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NCAA MEN'S BASKETBALL NATIONAL CHAMPIONSHIP | UCLA
VS. FLORIDA

The Hard Way

Florida's Brewer and his dad, who spent years toiling, take pride in each other

April 03, 2006|Robyn Norwood | Times Staff Writer

INDIANAPOLIS — Joakim Noah never bent his back to pick tobacco in the hot sun.

Al Horford never had to haul trash all day long.

Taurean Green doesn't know what it's like to fret over a father with a weak heart.

They are the sons of famous men.

Corey Brewer is not.

"My dad was a farmer, and he had a trash route," Brewer said. "We had to go in the fields. Pick tobacco. Cut it. It hurts your back. You have to lean over a lot."

On a Florida team flush with pedigreed athletes -- the sons of a French Open champion and two NBA players -- Brewer is the one who pulled himself up by his bootstraps.

His father, Ellis Brewer, worked 100 acres of tobacco, sometimes strawberries, sometimes cucumbers, in rural Portland, Tenn., and had a trash business on the side until his body told him no more.

"I've been disabled five years," said Ellis, 62, who watched from Tennessee as his 6-foot-8 son helped Florida reach the national championship game. "I had an open-heart surgery years ago. I've had angioplasties, the balloon, three of those.

"A spider bit me about four years ago, one of those brown recluses, and they had to take my little finger on my right hand. The antibiotics messed up my system. And I have problems with sugar."

He made sure Corey knew what hard work was, so he would know not to spend a lifetime wearing out his body and instead get what his father calls a necktie job.

"That's what I always told him, 'You get an education so you ain't going to have to work like I have. Learn how to run computers,' " Ellis said.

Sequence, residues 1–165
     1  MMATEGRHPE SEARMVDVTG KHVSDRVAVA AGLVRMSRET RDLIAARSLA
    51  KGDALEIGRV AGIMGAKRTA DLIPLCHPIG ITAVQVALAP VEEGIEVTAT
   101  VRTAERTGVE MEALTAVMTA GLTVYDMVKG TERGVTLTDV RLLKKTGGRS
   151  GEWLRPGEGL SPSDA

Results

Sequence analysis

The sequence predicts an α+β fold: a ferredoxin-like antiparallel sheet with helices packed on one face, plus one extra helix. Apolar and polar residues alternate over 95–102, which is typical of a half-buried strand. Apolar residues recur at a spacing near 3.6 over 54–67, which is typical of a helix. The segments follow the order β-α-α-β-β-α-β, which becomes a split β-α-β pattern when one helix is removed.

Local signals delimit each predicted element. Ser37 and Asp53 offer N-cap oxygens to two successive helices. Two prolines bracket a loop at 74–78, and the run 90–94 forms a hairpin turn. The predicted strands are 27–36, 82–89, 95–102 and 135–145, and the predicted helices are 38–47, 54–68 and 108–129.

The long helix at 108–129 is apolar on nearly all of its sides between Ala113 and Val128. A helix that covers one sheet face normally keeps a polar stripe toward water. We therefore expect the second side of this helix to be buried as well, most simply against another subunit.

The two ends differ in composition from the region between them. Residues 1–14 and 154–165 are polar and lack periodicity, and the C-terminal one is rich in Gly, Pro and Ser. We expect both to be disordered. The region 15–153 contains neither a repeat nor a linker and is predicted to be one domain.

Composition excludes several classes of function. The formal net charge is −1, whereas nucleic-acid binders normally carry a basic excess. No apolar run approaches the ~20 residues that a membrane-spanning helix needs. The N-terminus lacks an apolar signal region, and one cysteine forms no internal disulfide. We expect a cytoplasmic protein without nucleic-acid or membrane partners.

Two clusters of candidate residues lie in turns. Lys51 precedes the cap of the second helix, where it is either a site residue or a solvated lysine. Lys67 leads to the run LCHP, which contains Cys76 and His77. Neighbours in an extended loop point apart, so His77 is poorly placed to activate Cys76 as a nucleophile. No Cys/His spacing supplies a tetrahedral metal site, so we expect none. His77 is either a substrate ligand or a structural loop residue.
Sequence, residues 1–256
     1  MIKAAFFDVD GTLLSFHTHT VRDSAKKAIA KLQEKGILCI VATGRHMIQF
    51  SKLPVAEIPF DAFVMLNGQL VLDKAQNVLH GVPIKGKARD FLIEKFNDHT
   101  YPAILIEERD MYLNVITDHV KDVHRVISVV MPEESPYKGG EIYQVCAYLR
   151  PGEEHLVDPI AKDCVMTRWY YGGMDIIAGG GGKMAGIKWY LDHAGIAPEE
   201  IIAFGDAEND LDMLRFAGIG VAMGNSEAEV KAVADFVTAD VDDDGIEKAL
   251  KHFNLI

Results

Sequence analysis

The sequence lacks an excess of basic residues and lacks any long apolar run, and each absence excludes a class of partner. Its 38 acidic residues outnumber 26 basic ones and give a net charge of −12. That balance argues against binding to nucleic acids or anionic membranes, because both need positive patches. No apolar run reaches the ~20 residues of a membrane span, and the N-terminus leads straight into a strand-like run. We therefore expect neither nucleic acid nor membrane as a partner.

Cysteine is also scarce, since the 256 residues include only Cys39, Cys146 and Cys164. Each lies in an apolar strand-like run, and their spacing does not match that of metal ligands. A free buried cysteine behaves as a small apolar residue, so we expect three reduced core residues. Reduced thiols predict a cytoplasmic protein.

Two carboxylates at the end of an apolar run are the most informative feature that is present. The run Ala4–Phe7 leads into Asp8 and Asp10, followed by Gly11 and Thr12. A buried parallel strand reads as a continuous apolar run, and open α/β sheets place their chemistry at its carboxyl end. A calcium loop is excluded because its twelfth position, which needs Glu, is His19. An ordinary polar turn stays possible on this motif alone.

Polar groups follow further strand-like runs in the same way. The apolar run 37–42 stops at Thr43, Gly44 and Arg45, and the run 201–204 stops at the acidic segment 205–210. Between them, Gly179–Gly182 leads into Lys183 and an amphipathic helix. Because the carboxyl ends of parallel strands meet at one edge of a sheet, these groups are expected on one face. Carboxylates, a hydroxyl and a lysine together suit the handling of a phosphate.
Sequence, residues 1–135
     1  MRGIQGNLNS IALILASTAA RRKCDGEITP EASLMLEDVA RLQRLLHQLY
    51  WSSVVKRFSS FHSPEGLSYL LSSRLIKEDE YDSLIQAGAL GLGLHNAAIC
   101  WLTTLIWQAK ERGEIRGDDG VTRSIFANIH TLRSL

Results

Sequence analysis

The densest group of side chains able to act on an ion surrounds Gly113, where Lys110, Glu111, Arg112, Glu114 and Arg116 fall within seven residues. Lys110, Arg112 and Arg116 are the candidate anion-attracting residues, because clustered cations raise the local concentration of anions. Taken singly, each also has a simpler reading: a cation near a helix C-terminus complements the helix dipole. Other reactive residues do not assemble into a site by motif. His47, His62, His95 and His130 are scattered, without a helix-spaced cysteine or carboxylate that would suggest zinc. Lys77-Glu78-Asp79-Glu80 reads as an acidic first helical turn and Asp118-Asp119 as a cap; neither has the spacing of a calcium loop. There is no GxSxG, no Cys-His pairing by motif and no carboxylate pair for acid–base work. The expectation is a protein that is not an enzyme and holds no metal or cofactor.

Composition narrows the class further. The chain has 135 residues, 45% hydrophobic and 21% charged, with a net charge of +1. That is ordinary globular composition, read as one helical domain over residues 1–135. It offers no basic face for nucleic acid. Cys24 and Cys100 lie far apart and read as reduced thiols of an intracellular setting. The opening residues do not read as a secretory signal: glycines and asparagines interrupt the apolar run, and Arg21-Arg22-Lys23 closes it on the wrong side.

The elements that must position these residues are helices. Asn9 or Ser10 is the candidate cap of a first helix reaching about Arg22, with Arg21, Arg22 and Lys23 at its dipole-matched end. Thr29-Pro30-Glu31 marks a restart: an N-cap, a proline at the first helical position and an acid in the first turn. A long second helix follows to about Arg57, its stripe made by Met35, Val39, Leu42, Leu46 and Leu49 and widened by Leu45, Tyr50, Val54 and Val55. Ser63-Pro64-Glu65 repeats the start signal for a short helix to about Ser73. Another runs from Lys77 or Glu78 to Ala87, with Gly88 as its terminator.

"I'm just so proud of him."

The fathers of Noah, Green and Horford are no less proud, but they cannot be as amazed at what their sons have done.

"I think all these guys love their family, love their parents, appreciate and respect them," Florida Coach Billy Donovan said. "But I also think there's a part of them that they want to put down their own footprints in life, carve their own niche just as their parents have done.

"I think maybe there's pressure when you're 5, 6, 7, 8 years old, you're looking to kind of create your own identity, and it's 'oh, that's Sidney Green's son, Yannick Noah's son, Tito Horford's son.' Now it's, 'That's Joakim Noah, that's Taurean Green, and by the way, their dad is this person.' "

Nobody asks for Ellis Brewer's autograph, but "he's famous to me," Corey said.

Corey is well on his own way to being famous.

Noah is the glamorous one, but Brewer probably also has an NBA future. Only a sophomore, he is a swingman with three-point range and slashing ability, and he takes pride in playing defense too.

In December, he became the first player in Florida history to record a triple-double, with 15 points, 10 rebounds and 13 assists against Jacksonville.

During the NCAA tournament, he has been the Gators' second-leading scorer after Noah, averaging 14.4 points and shooting 50% from three-point range (11 for 22).

He scored 23 points against Wisconsin Milwaukee in the second round, knocking down five three-pointers.

Against Georgetown in the Sweet 16, he scored only nine points. But with 27 seconds left, he sank a shot while being fouled and made the free throw to take Florida from down one to up two.

"If Corey Brewer hadn't hit that crazy jumper on the side, we might have lost to Georgetown," Noah said.

Brewer's father has seen that shot before.

"That old fall-away shot, he had to do that against his brother because he was bigger and he had to get around him," Ellis said.

The phone at the Brewers' house started ringing Saturday night, and kept ringing Sunday. Everybody wanted to know whether Ellis, who doesn't travel much, would make the trip to Indianapolis for the championship game against UCLA tonight.

"I don't fly," Ellis said. "I ain't getting off the ground. I think my chances are better in a car. But I've been thinking about it. If I can get somebody to drive me, I've done made up my mind. I'm going to show up."

It's about five hours by car to the RCA Dome from the driveway in Tennessee where Corey learned to play, shooting at an old wooden backboard until somebody gave the Brewers a nice breakaway rim, but it's a million miles in the mind.

For Ellis Brewer, it's the kind of ride that might do a man's heart good.

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